There are a lot of excellent examples throughout the game, from the 200 microgames to the 140 or so bonus items, games, and oddball trinkets. Head over to the NES microgames. Included in this bunch is a faithful recreation of the first world of the original Super Mario Bros. This version of Super Mario is set on a giant sphere that rotates as you move left or right. Note how you turn the handheld to make Mario move; a slight tilt will make Mario walk, and a heavy turn will make him run.
It took me a couple quick tries to become accustomed to turning instead of pressing a d-pad, but I quickly caught on, and realized how brilliant a movement-based control is. Control is more intuitive, more precise, more nuanced than in the original game. In a way, I felt cheated that only three shortened levels were offered. I want a full version of Super Mario now, and I'll wager that quite a few gamers feel the same way.
If we want a clue into how Revolution games will play, Twisted is the perfect example. Remember that Revolution will allow for fully three dimensional movement; Twisted uses only one dimensional movement, and it's a wonderful innovation. And a title like this gives designers necessary experience, which only promises that next year's Revolution games will be that much more polished.
I haven't even gone into detail about Twisted's great variety of visual styles, its oddball Japanese sense of humor (even moreso than the first Wario Ware), or its endless challenges. Isn't this just the coolest thing ever? What matters most right now is the movement control, how perfectly natural it is, and how many new game ideas will arise from the new order. Clearly, there's going to be a DJ game - tell me you haven't killed a couple hours scratching discs and having a ball. If Nintendo's creativity can continue to hold, then anything is possible.

Yoshi Touch and Go (Nintendo DS)

Yoshi Touch and Go - Nintendo for Nintendo DS - 8/10

October 1, 2005

I think it's fair to say at this point that I have more games for my Nintendo DS than I know what to do with. A more sensible person would have played through these games, one at a time, before running off to the store for the next fix. But, then, "sensible" would mean my saving my hard-earned money instead of playing videogames well into my thirties.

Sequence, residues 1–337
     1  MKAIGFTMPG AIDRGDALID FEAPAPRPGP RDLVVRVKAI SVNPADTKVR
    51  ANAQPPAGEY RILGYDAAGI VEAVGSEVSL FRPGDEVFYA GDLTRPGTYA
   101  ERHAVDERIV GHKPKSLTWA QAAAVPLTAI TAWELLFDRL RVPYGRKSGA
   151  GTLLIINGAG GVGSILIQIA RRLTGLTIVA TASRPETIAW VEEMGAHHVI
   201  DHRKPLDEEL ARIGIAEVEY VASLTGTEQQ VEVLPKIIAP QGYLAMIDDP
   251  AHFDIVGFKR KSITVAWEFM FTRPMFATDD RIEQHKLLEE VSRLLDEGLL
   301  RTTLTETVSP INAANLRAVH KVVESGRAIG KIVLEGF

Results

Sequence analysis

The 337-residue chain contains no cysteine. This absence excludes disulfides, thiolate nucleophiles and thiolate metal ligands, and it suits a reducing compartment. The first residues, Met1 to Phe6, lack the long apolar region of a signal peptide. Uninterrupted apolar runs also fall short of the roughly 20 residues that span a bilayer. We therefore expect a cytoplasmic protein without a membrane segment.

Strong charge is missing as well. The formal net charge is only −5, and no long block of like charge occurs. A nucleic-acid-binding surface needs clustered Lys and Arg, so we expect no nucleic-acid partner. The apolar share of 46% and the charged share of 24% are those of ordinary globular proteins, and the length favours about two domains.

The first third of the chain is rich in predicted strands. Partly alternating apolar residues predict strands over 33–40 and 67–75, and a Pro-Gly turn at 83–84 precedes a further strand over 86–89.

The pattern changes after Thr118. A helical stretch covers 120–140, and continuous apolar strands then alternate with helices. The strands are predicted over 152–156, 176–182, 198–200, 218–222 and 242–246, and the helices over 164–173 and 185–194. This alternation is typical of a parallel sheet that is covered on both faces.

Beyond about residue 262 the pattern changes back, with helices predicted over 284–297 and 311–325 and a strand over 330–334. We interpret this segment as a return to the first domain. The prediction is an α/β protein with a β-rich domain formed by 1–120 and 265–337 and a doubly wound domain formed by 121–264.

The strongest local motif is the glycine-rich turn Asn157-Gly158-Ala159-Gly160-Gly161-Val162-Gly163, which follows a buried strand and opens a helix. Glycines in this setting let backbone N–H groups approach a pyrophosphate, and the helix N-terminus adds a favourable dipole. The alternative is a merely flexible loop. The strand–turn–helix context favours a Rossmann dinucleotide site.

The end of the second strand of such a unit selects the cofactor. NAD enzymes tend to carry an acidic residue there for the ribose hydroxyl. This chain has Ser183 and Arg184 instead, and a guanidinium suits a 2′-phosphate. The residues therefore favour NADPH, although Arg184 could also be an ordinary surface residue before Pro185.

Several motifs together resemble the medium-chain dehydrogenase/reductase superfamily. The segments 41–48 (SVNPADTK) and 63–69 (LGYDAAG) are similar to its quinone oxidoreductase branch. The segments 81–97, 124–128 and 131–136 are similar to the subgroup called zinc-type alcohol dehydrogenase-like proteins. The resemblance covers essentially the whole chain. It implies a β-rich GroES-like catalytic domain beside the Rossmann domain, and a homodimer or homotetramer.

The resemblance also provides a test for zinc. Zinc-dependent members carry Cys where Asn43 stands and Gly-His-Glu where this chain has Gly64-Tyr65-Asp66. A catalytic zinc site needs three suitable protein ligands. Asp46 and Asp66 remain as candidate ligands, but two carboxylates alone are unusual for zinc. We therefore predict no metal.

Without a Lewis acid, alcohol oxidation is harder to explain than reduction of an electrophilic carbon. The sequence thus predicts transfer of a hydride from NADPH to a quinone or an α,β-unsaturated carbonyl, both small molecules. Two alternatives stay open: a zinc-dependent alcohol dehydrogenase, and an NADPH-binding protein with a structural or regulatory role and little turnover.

In any case, I've been killing my bus time with Yoshi Touch and Go. Perhaps you need to be old enough to remember the golden age of video arcades to really appreciate this game. You have to be a fan of that short-burst, improvisational arcade game. Younger reader probably won't remember, but videogames used to be designed to be played for less than five minutes at a stretch. True, the aim was usually to steal quarters from your pockets, but we learned the ropes, and pretty soon we were making those Aladdin's Castle tokens really stretch.

A lot of reviews in print and online have complained that Touch and Go is shallow and "gimmicky" - little more than a demonstration of the DS' innovative touch screen, something you use to show off your new handheld. Essentially, they want a modern platform adventure, not an arcade game. In today's jargon, videogames are judged by the length of time it takes to slog through from beginning to end, the number of cheesy Hollywood cut-scenes, or the amount of hidden, unlockable material.

Do these critics even remember what videogames were like? You know, games. Not $20 million movie previews.

Yoshi's best trait is its randomness. While the game consists of two modes - Baby Mario in a vertical drop, the Yoshis in a side-scrolling stroll - each game is structured differently. Coins and obstacles are always placed differently, enemies may be sporadic or swarm in droves, and passing breezes will blow away all your carefully drawn clouds. Whoever cooked up that last idea was bloody brilliant...and a bit of a psycho, too.